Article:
LCPD Original Territories Researcher Nolan Brown assists tribal elder Doyle Punkin with the prayer at the Teton Creek Corridor sign dedication Saturday, July 10.
By LORI ANN EDMO
DRIGGS — The Shoshone-Bannock Tribes Language and Culture Preservation Department and Teton Creek Corridor collaborators dedicated a sign that includes a tribal welcome at the Teton Creek Corridor trail head July 10 in Driggs.
The project is a collaborative effort between local non-profits, private citizens, the city of Driggs and Teton County. It established a new 2.5 mile pathway from Cemetery Road to Stateline Road along Teton Creek for non-motorized use that is subject to seasonal closure to protect critical winter range for moose, elk and deer. It maintains farmlands along the Corridor through conservation easements, improves and protects wildlife habitat, along with stream habitat.
Tribal elder Doyle Punkin did a prayer at the site, Fort Hall Business Council Chairman Devon Boyer talked about the challenges faced and the need to do more to restore the area. LCPD Director Louise E. Dixey welcomed attendees to the Tribes homelands and emphasized the importance to remember the homelands.
FHBC Chairman Devon Boyer speaks.
The Tribes LCPD program has been working with the Teton Creek Corridor partners since December 2020 on the signage. Nolan Brown LCPD Original Territories researcher said the partners have been very gracious in working with them and they look for more interpretation at the site because there’s lots of trails where the Tribes can talk about our people.
The tribal welcome explains, “The Shoshone and Bannock peoples heritage spans the valleys, rivers, streams, lava fields, deserts and mountains of Idaho. Understand the homelands of our people reach from the tallest peaks to the deepest canyons and beyond any state borders. These lands and waters we hold sacred. The original resources here once sustained bountiful fish, animals, plants and us the Newenee our word meaning people.” Only a few generations ago Newenee living here along the Tetons might refer to themselves as an Elk Eater Badaheyan Deka’a in Shoshone or Patehecha Teka’s in Bannock. Forcefully we were removed and settled on the Fort Hall Indian Reservation. Involuntarily we adapted to different ways of life. Yet our relationships with our original territories do not end, the endure in the present. The Shoshone-Bannock Tribes cordially welcome you here to Teton Creek Corridor and wish you will join us and the Teton Creek Corridor Partners in appreciation and protection of the land and water for the future of all.”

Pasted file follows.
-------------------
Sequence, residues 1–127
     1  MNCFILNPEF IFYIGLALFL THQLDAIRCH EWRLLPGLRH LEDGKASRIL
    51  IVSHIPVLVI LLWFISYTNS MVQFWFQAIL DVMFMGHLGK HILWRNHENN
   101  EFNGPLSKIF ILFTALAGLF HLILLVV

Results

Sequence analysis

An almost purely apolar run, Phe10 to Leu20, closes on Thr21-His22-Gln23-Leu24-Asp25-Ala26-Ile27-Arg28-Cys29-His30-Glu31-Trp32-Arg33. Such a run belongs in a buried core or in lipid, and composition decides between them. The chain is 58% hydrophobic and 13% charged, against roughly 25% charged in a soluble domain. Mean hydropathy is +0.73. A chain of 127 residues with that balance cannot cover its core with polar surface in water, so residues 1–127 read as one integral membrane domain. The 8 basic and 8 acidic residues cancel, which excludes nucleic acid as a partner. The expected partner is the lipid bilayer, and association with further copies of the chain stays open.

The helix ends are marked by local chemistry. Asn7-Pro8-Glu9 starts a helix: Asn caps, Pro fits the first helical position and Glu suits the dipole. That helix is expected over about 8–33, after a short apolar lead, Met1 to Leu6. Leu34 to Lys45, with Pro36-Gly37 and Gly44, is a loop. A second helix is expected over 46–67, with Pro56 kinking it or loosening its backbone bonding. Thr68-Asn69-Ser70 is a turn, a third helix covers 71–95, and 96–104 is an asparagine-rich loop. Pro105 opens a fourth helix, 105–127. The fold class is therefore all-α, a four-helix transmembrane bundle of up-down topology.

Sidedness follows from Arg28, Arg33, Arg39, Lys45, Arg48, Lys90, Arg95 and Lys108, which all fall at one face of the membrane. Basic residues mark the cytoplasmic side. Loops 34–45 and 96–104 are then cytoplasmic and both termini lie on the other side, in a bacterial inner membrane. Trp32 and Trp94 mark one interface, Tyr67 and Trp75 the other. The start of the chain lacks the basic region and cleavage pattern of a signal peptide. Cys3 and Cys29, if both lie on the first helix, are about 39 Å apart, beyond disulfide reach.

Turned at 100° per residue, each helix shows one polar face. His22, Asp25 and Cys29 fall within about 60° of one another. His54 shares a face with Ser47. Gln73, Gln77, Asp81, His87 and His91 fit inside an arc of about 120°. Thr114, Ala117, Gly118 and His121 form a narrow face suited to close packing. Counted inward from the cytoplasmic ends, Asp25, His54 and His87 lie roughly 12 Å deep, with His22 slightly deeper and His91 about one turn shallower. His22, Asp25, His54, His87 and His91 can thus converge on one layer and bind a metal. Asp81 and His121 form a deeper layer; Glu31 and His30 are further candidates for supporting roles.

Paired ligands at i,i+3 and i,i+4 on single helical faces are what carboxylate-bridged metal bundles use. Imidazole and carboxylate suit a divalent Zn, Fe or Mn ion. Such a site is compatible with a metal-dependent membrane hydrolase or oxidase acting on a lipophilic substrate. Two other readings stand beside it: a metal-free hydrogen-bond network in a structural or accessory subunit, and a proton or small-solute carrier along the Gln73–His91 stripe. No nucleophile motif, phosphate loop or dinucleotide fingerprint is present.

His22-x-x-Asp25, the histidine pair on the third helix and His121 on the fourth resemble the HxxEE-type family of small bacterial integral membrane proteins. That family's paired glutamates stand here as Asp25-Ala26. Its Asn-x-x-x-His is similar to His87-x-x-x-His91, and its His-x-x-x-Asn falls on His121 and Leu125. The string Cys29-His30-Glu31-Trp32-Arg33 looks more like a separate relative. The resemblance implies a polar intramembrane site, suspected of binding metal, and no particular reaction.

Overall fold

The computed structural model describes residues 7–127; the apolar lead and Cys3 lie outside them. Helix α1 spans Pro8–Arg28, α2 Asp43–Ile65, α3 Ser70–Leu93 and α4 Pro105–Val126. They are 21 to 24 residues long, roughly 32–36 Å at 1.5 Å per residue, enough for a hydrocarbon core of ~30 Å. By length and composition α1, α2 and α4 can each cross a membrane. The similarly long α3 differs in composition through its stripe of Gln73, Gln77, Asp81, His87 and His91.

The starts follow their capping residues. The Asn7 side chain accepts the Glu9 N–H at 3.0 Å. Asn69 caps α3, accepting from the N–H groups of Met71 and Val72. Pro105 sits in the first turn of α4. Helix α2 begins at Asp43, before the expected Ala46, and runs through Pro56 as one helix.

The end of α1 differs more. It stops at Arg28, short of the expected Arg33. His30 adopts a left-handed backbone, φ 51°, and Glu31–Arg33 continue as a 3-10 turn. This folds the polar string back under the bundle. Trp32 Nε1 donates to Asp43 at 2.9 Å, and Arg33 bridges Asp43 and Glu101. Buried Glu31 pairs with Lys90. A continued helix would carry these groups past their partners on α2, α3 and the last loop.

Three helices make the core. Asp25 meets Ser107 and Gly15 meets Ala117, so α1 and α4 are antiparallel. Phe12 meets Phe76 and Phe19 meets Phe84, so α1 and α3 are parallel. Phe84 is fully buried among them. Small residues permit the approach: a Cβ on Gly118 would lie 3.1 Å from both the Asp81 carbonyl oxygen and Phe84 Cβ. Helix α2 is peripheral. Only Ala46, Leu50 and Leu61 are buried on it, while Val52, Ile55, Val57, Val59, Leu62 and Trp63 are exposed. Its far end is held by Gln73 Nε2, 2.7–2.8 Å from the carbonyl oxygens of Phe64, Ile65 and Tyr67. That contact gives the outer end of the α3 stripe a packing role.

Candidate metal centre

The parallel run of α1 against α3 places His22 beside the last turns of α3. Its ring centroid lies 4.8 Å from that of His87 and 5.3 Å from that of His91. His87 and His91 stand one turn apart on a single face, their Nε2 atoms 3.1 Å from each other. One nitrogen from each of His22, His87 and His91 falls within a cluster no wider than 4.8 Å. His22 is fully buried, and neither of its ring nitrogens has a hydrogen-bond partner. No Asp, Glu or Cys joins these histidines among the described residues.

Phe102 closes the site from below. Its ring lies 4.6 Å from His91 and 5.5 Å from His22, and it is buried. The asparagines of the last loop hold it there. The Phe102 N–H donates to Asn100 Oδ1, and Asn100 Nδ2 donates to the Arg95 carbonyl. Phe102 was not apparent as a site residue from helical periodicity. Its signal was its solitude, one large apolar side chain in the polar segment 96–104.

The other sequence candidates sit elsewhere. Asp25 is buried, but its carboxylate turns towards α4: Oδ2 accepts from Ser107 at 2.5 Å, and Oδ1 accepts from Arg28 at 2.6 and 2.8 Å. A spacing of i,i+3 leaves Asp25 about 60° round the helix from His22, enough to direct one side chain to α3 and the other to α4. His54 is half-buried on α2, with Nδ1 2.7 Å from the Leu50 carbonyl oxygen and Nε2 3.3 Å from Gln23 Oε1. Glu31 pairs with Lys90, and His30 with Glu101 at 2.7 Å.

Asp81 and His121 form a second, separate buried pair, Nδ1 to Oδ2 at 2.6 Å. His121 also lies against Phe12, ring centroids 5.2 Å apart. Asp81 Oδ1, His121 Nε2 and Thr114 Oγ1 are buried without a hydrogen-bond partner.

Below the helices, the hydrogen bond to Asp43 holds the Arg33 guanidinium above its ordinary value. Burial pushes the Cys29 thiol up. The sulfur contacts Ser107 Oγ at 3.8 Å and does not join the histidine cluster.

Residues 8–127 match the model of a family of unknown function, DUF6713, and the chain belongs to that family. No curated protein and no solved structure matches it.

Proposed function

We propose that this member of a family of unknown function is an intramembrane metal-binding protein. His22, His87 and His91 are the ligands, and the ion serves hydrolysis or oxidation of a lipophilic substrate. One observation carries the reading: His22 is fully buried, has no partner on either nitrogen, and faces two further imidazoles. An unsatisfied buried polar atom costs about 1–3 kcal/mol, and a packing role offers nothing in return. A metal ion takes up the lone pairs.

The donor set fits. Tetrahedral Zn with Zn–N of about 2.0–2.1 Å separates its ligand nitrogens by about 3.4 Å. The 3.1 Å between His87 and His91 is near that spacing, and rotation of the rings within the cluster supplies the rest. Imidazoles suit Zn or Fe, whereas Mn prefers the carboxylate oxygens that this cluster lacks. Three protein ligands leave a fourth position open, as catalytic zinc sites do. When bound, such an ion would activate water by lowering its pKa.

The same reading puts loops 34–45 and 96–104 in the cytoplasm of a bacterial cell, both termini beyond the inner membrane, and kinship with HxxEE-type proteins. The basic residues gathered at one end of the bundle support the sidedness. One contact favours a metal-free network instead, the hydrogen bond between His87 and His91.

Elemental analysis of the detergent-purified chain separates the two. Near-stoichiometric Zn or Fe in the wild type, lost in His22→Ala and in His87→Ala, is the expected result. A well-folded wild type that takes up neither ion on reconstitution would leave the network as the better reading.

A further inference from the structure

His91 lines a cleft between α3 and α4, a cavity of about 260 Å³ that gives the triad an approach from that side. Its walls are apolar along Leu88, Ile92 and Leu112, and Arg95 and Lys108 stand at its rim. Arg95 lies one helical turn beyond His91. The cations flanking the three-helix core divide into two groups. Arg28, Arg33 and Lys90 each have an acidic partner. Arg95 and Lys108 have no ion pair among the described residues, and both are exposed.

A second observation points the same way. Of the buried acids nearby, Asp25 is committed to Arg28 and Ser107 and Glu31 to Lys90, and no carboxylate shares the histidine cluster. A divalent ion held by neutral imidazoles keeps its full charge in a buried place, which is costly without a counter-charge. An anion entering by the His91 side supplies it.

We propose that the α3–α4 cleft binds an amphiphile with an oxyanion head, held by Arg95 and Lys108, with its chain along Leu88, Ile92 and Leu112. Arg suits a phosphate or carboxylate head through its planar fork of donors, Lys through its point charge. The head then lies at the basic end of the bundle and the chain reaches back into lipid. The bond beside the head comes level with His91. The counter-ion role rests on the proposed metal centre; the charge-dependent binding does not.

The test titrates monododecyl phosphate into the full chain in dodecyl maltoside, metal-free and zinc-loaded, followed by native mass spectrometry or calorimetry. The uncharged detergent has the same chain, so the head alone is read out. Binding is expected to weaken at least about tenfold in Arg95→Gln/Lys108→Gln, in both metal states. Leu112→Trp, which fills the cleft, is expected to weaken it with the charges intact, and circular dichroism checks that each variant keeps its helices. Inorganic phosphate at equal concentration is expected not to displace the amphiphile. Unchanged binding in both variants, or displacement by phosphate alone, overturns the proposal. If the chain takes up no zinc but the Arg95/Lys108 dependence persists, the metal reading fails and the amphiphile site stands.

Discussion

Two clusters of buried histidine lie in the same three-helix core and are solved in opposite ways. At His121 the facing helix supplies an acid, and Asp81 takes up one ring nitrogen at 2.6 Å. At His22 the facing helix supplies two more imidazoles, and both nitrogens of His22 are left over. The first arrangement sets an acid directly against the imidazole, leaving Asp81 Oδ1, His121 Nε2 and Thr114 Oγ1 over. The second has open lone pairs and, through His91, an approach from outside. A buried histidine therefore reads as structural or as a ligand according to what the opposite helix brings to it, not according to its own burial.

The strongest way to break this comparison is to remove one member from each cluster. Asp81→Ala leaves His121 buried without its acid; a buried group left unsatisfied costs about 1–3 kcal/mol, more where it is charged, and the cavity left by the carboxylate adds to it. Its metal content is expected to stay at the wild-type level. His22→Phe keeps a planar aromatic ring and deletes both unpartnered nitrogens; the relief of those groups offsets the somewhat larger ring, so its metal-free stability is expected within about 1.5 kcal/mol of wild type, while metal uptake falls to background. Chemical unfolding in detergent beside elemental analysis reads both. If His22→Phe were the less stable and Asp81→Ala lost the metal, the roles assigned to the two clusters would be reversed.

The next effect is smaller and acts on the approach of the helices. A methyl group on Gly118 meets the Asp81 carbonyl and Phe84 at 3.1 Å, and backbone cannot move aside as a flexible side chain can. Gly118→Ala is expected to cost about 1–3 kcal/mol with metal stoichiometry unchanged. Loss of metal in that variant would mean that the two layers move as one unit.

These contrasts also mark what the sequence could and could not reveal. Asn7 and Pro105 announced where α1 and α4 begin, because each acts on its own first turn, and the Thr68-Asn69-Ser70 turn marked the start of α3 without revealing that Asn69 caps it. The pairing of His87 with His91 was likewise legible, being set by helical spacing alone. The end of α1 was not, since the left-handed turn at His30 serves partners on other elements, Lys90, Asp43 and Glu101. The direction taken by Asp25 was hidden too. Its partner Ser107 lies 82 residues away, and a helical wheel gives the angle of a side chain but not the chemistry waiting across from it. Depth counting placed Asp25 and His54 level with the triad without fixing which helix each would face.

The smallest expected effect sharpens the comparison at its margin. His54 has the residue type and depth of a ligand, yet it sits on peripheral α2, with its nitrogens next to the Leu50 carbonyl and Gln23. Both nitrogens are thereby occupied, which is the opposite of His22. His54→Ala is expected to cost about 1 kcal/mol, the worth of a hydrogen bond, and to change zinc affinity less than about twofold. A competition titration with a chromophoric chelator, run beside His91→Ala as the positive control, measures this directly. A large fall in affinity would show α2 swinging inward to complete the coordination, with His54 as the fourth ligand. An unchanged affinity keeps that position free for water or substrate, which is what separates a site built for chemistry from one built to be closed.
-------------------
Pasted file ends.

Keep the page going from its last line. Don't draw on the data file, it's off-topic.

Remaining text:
Amy Verbeten, Friends of the Teton River executive director.
Amy Verbeten, Friends of the Teton River executive director spoke on behalf of the Teton Creek Corridor partners and said it is a great honor to be joined on the banks of Teton Creek by tribal members, Fort Hall community members. She originally thought to welcome everyone but it didn’t feel quite right to her, “To me if feels more appropriate to say welcome back.” “As you look around here you can see that the land and the water has been treated badly, those scars are obvious but I also want to acknowledge that people have also been treated badly here even if the scars on hearts and minds are left obvious,” she continued. “We the members of the Teton Creek Corridor Collaborative are working hard to restore the land, the creek, the plants and the animals that depend on them. But I think it’s even more important the kind of work we are all doing here today to restore a broader and more welcoming sense of community here. In so doing we hope to begin to restore and heal the hearts and minds and souls of all of the people who love and depend on this land and this water who have in the past, who do today and in the future.”
She said they’re deeply grateful for the leadership and the contributions of the Shoshone-Bannock Tribes to the project for their guidance and support. “We look forward to continuing to learn from and work with you as we grow this work together.”
A walk run was conducted along the trail where many tribal members participated. The LCPD served a sack lunch afterward.
Donna Thompson and Lynette Dixey walk the trail.